In Japan, Mt. Fuji is regarded as a holy
place. Samurai warriors used to train at
its base. It’s a beautiful mountain that
inspired artists and poets.
I’ve heard it said that a wise person will
climb Fuji once in their lifetime, but only a
fool would climb it twice. I may be a fool,
because after climbing to the top step of
the podium at Fuji, I sure hope to climb to
the top of the podium again.
It’s been a long journey to get to this –
a race winner in the FIA World Endurance
Championship’s GTE-Am class – with so
many ups and downs along the way.
One huge benefit for me has been the
support of Porsche, and this support is
from the top executives to all of the
members of the Dempsey-Proton Racing
team. My relationship with Porsche feels
so much like family. It’s provided me with
the tools I need to be successful, and I’m
so happy that the faith shown in me has
now been rewarded with a victory.
This season has been focused on
process. We’ve been putting one foot in
front of the other. This may sound strange,
but the focus has not been on the outcome;
it’s been on constant improvement. If we
all do our job the best we can, the results
will come. When we find an area that
needs improvement, we improve it.
The race prior to Fuji, at Circuit of The
Americas in Austin, was a great example of
this. It was our first pole position. In WEC
qualifying, starting position is based upon
the average time of two drivers. So it’s a
team result, the average of Pat Long’s
time and mine. When we got pole, it felt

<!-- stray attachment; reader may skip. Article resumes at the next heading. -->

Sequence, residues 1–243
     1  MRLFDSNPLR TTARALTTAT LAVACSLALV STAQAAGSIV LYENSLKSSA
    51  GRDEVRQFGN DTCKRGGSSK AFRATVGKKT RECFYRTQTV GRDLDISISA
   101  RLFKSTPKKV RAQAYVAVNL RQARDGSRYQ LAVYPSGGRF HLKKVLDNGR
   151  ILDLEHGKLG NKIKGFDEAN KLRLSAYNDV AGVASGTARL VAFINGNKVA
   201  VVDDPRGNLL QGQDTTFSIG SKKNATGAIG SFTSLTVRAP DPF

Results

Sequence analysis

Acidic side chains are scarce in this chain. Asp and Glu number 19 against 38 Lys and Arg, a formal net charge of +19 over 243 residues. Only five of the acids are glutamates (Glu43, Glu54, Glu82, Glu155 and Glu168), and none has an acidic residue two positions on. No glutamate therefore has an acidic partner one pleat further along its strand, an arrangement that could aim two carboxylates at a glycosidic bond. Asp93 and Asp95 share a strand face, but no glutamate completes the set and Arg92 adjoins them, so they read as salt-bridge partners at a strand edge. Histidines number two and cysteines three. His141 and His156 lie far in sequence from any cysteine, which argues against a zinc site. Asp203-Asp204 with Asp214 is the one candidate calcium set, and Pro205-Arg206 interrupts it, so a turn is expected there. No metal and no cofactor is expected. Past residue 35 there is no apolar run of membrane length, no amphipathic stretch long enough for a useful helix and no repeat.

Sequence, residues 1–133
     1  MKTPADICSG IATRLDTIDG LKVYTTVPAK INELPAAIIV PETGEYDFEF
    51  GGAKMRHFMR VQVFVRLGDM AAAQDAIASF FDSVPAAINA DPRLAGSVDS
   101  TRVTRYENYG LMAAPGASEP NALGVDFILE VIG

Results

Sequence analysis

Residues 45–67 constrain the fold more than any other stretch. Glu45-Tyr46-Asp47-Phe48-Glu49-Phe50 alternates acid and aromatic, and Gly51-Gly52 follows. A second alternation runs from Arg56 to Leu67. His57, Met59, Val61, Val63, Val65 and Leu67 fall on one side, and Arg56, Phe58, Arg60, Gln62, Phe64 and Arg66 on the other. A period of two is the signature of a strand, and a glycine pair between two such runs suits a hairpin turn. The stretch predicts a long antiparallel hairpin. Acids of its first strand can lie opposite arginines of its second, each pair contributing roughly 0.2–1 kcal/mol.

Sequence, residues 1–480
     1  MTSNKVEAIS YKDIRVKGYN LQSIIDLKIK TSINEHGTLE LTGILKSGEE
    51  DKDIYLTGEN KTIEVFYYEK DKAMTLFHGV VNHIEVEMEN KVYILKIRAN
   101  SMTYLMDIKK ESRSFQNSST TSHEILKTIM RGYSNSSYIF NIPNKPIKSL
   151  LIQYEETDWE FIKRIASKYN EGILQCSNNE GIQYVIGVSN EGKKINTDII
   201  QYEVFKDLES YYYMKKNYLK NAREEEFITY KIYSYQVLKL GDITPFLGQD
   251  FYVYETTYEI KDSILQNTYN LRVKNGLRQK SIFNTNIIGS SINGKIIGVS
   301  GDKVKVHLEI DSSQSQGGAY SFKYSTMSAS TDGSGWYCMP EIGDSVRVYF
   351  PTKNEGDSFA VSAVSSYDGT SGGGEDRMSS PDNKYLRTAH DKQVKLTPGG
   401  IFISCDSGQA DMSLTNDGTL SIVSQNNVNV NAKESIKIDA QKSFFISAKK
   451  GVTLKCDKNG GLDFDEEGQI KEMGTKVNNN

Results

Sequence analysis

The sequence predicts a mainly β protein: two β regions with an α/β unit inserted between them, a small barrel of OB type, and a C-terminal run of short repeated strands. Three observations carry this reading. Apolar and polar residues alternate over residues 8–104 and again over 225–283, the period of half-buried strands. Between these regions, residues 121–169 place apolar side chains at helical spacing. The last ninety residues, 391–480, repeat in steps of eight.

so good because it was the two of us who
did it. It showed that my driving had
reached a new level of competitiveness.
Unfortunately, my second stint of the
COTA race, at night, showed that I still had
work to do. We’d led for the first four-plus
hours of the six-hour event, but during my
second stint my pace just wasn’t there.
Part of it was some problems I had with
night vision; part of it was that my lack of
training meant I got tired. Anyway, the
result was the same: another fourth-place
CLIMBING THE MOUNTAIN
A RACING JOURNEY
LMGTE-AM CLASS WINNER,
2015 WEC 6 HOURS OF FUJI
finish, and the feeling I’d let the entire
Porsche team down.
This is where the focus on process really
kicked in. I wasn’t going to have that feeling
again. I started training harder, pushing my
fitness to a level where I could drive hard for
longer. I also fought through my issues with
nausea when driving simulators, and
worked on learning the Fuji race track the
week I was home in Los Angeles.
The weather during the Fuji race
weekend looked like it could be a factor.
Practice and qualifying were in the dry,
and Pat, Marco Seefried and I just worked